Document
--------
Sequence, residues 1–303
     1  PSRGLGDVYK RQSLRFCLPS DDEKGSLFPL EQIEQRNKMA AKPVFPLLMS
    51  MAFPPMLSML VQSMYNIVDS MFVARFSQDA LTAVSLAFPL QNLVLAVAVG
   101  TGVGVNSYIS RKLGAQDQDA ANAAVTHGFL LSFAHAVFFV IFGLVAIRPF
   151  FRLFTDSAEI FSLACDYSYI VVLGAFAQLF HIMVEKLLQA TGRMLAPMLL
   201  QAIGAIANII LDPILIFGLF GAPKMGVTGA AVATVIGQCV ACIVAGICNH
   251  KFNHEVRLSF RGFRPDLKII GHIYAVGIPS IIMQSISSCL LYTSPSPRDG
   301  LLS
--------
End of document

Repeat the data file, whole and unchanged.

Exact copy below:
Sequence, residues 1–303
     1  PSRGLGDVYK RQSLRFCLPS DDEKGSLFPL EQIEQRNKMA AKPVFPLLMS
    51  MAFPPMLSML VQSMYNIVDS MFVARFSQDA LTAVSLAFPL QNLVLAVAVG
   101  TGVGVNSYIS RKLGAQDQDA ANAAVTHGFL LSFAHAVFFV IFGLVAIRPF
   151  FRLFTDSAEI FSLACDYSYI VVLGAFAQLF HIMVEKLLQA TGRMLAPMLL
   201  QAIGAIANII LDPILIFGLF GAPKMGVTGA AVATVIGQCV ACIVAGICNH
   251  KFNHEVRLSF RGFRPDLKII GHIYAVGIPS IIMQSISSCL LYTSPSPRDG
   301  LLS